William (Bill) Bryant Sheaves, Jr.
Lieutenant Colonel, U.S. Army (Retired)

Bill Sheaves passed away on 2 April, 2012, at his home in Colorado Springs. Born on 27 November, 1923, in the small coal mining town of Lawton, West Virginia, Bill lived a long, happy, and honorable life.

One of the “Greatest Generation”, he served as a flight engineer aboard B-17’s in the 337th Bomb Squadron, 96th Bomb Group based at Snetherton Heath, England. During his 14th combat mission over occupied Europe, his aircraft was shot down in the vicinity of Paris, France, on 9 September, 1943. He was captured and spent the majority of the remainder of the war as a POW, primarily at Stalag XVII B in Krems, Austria. He was liberated in April, 1945, while undergoing a forced march back to Germany. Bill returned home to West Virginia and was discharged as a Master Sergeant in October, 1945.

Bill was the last surviving crew member of the Tar Fly, the B-17 he was serving aboard when he was shot down. With his passing, the final chapter of Tar Fly’s amazing story has finally been written.

Following his discharge, Bill married the sister of his best friend in High School, Evelyn (Eddy) Virginia Morris, on 24 August, 1946.

Bill re-enlisted in the Army on 1 November, 1949, and was trained as an electronic/missile engineer. He was commissioned as a 2nd Lieutenant, U.S. Army Signal Corps, in 1950. He served his country faithfully during the Korean War, Vietnam War, and the Cold War. In Vietnam, he commanded the 63rd Signal Battalion, 1st Signal Brigade. He retired from the Army on 1 June, 1975, and he and Eddy moved to Colorado Springs, where he served two tours of duty during his career.

Bill continued to serve his country and community throughout the remainder of his life. An active member of the American Ex-POW Association, he acted as the Commander of the Rocky Mountain Chapter of Ex-POWs and the Colorado State Department of Ex-POWs. He was active in the Masonic Lodge and the Al Kaly Shriners. He served as a mentor to many Squadrons of cadets at the United States Air Force Academy.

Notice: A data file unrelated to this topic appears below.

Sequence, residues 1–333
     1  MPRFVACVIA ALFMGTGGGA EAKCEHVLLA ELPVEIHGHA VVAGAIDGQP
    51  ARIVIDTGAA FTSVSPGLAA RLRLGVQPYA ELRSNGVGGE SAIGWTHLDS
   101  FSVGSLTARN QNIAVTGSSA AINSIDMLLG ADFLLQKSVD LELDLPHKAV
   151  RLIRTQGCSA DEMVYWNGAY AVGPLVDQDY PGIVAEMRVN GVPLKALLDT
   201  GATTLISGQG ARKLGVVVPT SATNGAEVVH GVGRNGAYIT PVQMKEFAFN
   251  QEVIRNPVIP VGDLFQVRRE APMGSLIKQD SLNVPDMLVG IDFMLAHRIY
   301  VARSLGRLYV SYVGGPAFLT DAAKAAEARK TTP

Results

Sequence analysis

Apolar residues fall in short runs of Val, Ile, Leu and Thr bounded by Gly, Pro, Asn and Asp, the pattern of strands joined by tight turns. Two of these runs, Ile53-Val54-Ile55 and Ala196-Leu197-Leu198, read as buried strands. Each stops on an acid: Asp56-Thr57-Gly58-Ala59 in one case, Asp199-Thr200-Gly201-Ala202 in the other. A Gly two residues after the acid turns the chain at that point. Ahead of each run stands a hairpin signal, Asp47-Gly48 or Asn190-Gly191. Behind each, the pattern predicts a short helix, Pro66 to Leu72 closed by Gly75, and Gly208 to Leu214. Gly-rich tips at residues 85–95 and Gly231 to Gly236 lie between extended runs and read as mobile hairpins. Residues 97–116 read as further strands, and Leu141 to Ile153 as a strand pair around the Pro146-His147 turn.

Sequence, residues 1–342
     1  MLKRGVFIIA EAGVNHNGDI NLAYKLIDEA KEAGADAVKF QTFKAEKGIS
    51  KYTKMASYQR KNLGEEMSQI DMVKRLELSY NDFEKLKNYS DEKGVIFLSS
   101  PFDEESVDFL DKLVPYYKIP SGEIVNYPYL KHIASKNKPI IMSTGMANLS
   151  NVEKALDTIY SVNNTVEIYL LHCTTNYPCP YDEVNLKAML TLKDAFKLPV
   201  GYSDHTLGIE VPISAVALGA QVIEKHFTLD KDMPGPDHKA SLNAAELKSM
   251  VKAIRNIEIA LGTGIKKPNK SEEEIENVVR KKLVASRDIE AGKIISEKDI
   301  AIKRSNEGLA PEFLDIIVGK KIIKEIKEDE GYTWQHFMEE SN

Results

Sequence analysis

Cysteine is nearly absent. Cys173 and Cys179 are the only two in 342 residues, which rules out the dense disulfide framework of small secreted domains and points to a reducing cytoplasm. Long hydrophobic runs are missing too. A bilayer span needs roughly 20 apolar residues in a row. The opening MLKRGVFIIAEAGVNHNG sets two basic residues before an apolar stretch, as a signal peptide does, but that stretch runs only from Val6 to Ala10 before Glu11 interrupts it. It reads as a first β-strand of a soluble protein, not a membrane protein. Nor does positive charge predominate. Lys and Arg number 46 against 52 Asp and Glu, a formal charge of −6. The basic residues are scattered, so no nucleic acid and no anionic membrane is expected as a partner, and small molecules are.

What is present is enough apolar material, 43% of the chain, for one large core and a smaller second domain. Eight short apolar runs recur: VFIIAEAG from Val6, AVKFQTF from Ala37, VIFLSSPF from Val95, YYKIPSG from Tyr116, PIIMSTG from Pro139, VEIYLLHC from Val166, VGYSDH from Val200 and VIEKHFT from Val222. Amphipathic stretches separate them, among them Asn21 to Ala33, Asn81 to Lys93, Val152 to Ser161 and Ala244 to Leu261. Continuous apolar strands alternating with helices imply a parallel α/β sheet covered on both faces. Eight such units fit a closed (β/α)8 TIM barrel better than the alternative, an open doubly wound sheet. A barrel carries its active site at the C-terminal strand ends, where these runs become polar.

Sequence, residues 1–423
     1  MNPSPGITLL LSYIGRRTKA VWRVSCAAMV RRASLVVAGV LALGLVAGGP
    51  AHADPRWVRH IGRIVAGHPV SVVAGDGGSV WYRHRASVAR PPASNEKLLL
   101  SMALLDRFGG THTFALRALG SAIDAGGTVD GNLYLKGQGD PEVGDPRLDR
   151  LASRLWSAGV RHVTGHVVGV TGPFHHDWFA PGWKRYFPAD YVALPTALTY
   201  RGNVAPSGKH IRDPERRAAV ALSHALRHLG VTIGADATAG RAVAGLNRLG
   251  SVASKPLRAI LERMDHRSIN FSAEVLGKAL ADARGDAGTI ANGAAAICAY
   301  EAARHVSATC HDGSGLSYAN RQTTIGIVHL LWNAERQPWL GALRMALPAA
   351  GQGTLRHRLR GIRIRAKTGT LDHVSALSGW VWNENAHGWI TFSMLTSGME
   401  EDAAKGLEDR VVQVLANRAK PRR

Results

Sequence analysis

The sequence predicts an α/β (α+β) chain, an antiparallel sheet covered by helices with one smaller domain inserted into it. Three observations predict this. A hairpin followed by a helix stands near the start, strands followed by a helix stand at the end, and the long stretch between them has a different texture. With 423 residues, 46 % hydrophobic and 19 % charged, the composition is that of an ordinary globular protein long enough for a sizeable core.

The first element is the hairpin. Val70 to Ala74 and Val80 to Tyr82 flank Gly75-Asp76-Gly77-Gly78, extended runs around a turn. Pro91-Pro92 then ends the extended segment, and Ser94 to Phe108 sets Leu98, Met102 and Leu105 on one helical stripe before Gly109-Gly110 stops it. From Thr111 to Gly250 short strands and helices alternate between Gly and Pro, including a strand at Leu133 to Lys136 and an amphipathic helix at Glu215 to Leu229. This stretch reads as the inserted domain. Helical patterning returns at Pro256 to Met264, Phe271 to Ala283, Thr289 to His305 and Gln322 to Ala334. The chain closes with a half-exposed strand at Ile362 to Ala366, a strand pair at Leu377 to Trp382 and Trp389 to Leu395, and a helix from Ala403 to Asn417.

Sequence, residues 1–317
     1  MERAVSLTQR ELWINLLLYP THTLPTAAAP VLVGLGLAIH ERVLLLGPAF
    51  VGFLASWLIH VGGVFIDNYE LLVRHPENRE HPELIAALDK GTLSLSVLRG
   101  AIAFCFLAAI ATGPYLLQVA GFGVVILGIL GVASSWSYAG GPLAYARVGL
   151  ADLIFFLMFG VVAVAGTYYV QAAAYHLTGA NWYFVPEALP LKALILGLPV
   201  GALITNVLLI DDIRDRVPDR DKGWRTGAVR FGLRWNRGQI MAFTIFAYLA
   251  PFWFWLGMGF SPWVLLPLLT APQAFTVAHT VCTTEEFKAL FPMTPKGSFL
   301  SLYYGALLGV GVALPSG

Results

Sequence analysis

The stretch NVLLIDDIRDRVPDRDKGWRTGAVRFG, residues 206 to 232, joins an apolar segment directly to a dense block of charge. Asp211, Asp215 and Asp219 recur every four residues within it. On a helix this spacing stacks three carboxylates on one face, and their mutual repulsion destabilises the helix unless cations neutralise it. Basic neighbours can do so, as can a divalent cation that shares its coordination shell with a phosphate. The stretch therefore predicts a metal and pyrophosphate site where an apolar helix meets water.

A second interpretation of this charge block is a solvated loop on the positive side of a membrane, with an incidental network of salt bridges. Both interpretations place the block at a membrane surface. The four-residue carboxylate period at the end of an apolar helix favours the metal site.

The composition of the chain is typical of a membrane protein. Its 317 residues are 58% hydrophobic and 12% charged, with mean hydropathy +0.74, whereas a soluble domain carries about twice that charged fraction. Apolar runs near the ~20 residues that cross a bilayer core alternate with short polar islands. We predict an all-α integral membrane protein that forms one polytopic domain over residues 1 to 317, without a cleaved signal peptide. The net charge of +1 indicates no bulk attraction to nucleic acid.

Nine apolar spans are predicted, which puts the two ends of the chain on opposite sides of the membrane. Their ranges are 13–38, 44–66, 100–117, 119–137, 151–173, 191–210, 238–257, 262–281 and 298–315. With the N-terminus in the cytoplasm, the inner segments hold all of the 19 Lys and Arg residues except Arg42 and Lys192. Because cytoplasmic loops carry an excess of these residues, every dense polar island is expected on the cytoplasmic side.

Of his many accomplishments, Bill was perhaps proudest of the service of both his sons and two of his grandchildren as Commissioned Officers in the Armed Forces.

Bill was preceded in eternal rest by his beloved wife and companion Eddy. He is survived by his second wife, Ruth Wilber Sheaves, his two sons, Bill and Bob, 4 grandchildren, 9 great grandchildren, and many close friends.

Bill will be dearly missed. The tradition of service and honor he demonstrated throughout his life will long serve as an example to each of us of a life well lived.

Services celebrating Bill’s life will be held at 2:00 p.m. at the Shrine of Remembrance in Colorado Springs on Monday, 9 April. The family requests in lieu of flowers donations be made to the American Ex-Prisoners of War, 3201 E. Pioneer Parkway, Arlington, TX 76010.

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